After this trial, Edwards gained national attention as a plaintiff's lawyer. He filed at least 20 similar lawsuits in the years following and achieved verdicts and settlements of more than $60 million for his clients. His fee, as is customary in "contingency" cases, was one-third of the settlement plus expenses. These successful lawsuits were followed by similar ones across the country. When asked about an increase in Caesarean deliveries nationwide, perhaps to avoid similar medical malpractice lawsuits, Edwards said, "The question is, would you rather have cases where that happens instead of having cases where you don't intervene and a child either becomes disabled for life or dies in utero?"<12>

In 1993, Edwards began his own firm in Raleigh (now known as Kirby & Holt) with a friend, David Kirby. He became known as the top plaintiffs' attorney in North Carolina.<12> The biggest case of his legal career was a 1997 product liability lawsuit against Sta-Rite, the manufacturer of a defective pool drain cover. The case involved a three-year-old girl<14> who was disemboweled by the suction power of the pool drain pump when she sat on an open pool drain whose protective cover other children at the pool had removed, after the swim club had failed to install the cover properly. Despite 12 prior suits with similar claims, Sta-Rite continued to make and sell drain covers lacking warnings. Sta-Rite protested that an additional warning would have made no difference because the pool owners already knew the importance of keeping the cover secured. In his closing arguments, Edwards spoke to the jury for an hour and a half without referring to notes. It was an emotional appeal that made reference to his son, Wade, who had been killed shortly before testimony began in the trial. Mark Dayton, editor of North Carolina Lawyers Weekly, would later call it "the most impressive legal performance I have ever seen."<15> The jury awarded the family $25 million, the largest personal injury award in North Carolina history. The company settled for the $25 million while the jury was deliberating additional punitive damages, rather than risk losing an appeal. For their part in this case, Edwards and law partner David Kirby earned the Association of Trial Lawyers of America's national award for public service.<13> The family said that they hired Edwards over other attorneys because he alone had offered to accept a smaller percentage as fee unless the settlement was unexpectedly high, while all of the other lawyers they spoke with said they required the full one-third fee. The size of the settlement was unprecedented and Edwards did receive the standard one-third plus expenses fee typical of contingency cases. The family was so impressed with his intelligence and commitment<12> that they volunteered for his Senate campaign the next year.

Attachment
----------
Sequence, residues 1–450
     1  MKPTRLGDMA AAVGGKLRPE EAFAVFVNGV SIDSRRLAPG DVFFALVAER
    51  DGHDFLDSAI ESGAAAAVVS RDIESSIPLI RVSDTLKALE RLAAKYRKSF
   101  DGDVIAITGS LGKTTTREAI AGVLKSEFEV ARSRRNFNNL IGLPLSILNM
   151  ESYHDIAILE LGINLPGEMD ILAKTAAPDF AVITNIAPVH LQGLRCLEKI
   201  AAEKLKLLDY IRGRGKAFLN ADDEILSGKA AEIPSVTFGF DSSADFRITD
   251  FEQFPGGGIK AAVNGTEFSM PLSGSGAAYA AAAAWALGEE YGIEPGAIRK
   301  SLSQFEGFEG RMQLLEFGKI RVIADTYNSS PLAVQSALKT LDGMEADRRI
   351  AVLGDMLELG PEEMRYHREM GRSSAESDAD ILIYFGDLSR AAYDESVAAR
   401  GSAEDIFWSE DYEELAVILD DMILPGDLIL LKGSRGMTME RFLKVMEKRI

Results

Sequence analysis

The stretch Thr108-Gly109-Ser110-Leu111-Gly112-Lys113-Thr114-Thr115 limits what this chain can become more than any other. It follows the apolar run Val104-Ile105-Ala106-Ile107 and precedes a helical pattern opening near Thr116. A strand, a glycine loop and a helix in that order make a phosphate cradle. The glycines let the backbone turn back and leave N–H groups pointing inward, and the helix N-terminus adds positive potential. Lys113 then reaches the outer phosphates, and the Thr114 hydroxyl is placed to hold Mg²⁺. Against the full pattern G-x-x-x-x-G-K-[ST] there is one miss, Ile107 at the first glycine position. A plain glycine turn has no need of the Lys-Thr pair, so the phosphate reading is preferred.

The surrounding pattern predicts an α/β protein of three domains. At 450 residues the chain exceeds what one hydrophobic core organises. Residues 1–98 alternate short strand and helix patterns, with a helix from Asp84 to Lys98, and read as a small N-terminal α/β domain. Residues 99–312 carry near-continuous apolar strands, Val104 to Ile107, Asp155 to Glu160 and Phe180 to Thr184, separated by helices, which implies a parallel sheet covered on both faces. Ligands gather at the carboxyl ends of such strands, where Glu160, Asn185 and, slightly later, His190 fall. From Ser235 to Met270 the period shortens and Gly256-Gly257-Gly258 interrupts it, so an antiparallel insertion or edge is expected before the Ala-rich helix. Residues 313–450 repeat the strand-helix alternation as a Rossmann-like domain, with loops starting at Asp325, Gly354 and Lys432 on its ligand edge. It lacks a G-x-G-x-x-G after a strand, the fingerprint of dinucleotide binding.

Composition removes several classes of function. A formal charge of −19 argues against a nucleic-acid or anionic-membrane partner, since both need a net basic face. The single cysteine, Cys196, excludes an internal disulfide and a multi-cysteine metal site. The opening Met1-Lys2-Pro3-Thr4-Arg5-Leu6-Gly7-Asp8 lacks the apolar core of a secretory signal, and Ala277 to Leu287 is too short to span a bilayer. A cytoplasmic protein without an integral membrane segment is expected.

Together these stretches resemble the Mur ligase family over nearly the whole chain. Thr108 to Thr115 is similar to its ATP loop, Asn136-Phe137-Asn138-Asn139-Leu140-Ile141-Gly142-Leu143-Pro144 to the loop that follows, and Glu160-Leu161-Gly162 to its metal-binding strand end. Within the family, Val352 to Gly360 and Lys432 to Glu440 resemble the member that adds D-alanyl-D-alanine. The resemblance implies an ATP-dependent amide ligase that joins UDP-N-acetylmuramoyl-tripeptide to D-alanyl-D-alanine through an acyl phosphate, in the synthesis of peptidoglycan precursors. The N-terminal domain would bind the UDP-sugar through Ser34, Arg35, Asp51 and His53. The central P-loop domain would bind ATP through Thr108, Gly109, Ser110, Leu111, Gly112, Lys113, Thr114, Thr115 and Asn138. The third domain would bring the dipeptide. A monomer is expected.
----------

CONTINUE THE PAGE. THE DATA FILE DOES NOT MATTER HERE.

After Edwards won a large verdict against a trucking company whose worker had been involved in a fatal accident, the North Carolina legislature passed a law prohibiting such awards unless the employee's actions had been specifically sanctioned by the company.<12>

In December 2003, during his first presidential campaign, Edwards (with John Auchard) published Four Trials, a biographical book focusing on cases from his legal career.

I don't know why anyone doubts John Edwards when he talks about taking it to Corporations. I trust John Edwards to take on the Corporations as much as anyone.